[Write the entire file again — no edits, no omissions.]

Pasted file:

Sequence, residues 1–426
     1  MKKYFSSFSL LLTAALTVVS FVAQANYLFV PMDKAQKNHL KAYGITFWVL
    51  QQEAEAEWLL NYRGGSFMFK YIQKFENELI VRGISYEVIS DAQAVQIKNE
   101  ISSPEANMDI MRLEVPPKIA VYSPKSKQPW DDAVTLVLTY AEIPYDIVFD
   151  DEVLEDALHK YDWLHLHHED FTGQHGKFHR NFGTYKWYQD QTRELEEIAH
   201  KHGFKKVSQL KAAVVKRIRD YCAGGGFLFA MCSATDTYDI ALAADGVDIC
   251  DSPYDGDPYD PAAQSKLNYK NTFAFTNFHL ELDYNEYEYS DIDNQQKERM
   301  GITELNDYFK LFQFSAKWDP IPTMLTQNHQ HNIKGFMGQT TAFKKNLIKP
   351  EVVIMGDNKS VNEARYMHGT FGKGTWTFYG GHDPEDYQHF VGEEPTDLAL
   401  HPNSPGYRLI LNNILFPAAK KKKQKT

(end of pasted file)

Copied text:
Sequence, residues 1–426
     1  MKKYFSSFSL LLTAALTVVS FVAQANYLFV PMDKAQKNHL KAYGITFWVL
    51  QQEAEAEWLL NYRGGSFMFK YIQKFENELI VRGISYEVIS DAQAVQIKNE
   101  ISSPEANMDI MRLEVPPKIA VYSPKSKQPW DDAVTLVLTY AEIPYDIVFD
   151  DEVLEDALHK YDWLHLHHED FTGQHGKFHR NFGTYKWYQD QTRELEEIAH
   201  KHGFKKVSQL KAAVVKRIRD YCAGGGFLFA MCSATDTYDI ALAADGVDIC
   251  DSPYDGDPYD PAAQSKLNYK NTFAFTNFHL ELDYNEYEYS DIDNQQKERM
   301  GITELNDYFK LFQFSAKWDP IPTMLTQNHQ HNIKGFMGQT TAFKKNLIKP
   351  EVVIMGDNKS VNEARYMHGT FGKGTWTFYG GHDPEDYQHF VGEEPTDLAL
   401  HPNSPGYRLI LNNILFPAAK KKKQKT